The firm has already built a remote-controlled test version, named Betty, to demonstrate how the basic arrangement would work. Betty’s helium-filled aerostat, three metres across, is capable of carrying loads of a little over half a kilo—though for now her power comes from a standard airscrew fitted on a suspended control pod. The company has also scaled up the aerostat itself to the 18-metre-wide Vikki. This model, however, remains tethered to the ground at all times, as it has not been equipped with a propulsion system.

Skylifter’s engineers are now working on a 23-metre unmanned version dubbed Nikki. They plan to construct a full-sized 150-metre piloted prototype, Lucy, over the next three years. If that works, Skylifter craft may yet bring relief to stranded disaster victims—and also to jaded millionaires sick of ocean liners.


Article from: economist.com



Related Articles
Skylifter (site)
"UFO" at 2010 Commonwealth Games Opening Ceremony
Stanton Friedman: UFO Propulsion Systems
Space Elevator Faces Reality


Latest News from our Front Page

Water rationing hits California: limit of 50 gallons per person per day or face fines of $500
2014 09 29
Millions of Californians are about to be hit with strict water rationing -- daily "allocation" numbers that represent the maximum amount of water you’re allowed to use for any purpose. Households that exceed the allocation limit will face stiff fines of hundreds of dollars per violation. "In July, the State Water Resources Control Board passed stage one emergency regulations, giving powers ...
Much of Earth’s Water is Older than the Sun
2014 09 29
Much of the water on Earth and elsewhere in the solar system likely predates the birth of the sun, a new study reports. The finding suggests that water is commonly incorporated into newly forming planets throughout the Milky Way galaxy and beyond, researchers said — good news for anyone hoping that Earth isn’t the only world to host life. “The implications of ...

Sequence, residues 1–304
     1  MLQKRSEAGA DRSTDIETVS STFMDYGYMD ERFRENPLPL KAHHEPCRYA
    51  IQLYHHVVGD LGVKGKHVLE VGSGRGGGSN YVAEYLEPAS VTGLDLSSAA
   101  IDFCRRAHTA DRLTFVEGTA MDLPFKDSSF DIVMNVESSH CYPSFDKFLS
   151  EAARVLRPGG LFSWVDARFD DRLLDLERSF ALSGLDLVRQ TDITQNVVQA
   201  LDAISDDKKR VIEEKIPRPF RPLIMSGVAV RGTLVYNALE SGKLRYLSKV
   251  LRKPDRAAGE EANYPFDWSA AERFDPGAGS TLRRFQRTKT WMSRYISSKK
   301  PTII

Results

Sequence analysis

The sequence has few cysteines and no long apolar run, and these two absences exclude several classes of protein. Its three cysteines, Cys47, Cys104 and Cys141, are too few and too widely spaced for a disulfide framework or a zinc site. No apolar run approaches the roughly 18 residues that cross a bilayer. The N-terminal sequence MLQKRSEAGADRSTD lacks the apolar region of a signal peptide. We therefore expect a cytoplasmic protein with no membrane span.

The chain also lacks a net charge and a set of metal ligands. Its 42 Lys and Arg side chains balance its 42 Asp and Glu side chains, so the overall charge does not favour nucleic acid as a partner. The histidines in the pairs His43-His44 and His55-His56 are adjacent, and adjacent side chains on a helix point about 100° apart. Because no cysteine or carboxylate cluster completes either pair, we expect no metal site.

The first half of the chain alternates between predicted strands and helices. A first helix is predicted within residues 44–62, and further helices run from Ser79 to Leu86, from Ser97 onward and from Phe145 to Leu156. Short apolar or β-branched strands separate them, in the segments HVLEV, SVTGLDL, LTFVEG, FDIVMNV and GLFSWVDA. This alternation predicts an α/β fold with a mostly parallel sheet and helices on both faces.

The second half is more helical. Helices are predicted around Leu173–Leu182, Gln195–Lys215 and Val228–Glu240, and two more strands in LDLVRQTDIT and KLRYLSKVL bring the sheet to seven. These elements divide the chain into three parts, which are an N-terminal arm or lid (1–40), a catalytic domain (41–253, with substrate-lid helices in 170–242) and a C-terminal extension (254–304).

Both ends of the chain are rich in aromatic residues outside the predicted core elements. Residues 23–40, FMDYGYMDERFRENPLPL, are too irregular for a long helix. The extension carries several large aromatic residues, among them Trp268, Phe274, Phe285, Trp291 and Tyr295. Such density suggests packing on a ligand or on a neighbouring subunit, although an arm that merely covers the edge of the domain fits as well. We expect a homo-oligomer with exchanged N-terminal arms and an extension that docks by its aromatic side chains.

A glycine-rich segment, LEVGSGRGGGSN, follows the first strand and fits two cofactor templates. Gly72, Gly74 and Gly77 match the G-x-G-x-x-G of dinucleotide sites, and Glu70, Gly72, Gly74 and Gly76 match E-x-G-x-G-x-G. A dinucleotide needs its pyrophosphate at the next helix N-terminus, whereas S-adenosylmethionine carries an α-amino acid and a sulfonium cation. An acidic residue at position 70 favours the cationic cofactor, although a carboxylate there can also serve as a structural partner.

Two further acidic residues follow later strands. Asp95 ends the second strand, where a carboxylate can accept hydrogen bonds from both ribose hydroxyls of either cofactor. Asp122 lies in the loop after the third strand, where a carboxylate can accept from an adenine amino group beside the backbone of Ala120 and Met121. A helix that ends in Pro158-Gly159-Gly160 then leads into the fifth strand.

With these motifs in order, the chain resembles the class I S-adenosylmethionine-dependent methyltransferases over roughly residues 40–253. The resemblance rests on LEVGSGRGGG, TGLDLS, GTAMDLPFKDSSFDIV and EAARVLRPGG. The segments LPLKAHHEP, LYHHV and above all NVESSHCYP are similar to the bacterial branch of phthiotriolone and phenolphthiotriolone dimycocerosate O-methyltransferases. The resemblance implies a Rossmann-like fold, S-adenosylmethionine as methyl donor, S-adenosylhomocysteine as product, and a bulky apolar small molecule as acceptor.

Did the Vikings Get a Bum Rap?
2014 09 29
A Yale historian wants us to rethink the terrible tales about the Norse. This illustration shows the stereotype of Viking marauders wreaking mayhem, even on clergy. The scene depicts the monastery at Clonmacnoise, Ireland. The Vikings gave no quarter when they stormed the city of Nantes, in what is now western France, in June 843—not even to the monks barricaded in the ...
David Cameron Says Non-Violent Conspiracy Theorists Are Just As Dangerous As ISIS
2014 09 29
David Cameron told the U.N. that "non-violent extremism" is just as dangerous as terrorism and must be eradicated using all means at the government’s disposal. He references 9/11 and 7/7 Truthers as examples of the type of extremism that must be dealt in a similar fashion to ISIS. If you thought Obama’s War is Peace speech to the U.N. was creepy, ...
NY Times: Europe’s Anti-Semitism Comes Out of the Shadows
2014 09 28
NY Times Whines about European "Anti-Semitism" In the wake of the conflict in Gaza, three communities became flash points of violence and began contending with hatred they thought was buried in the past. Read the NY Times hit piece on Europe here Below is a rebuttal from Mike King’s The Anti-New York Times at tomatobubble.com: Strike up the violins and break out the barf ...
More News »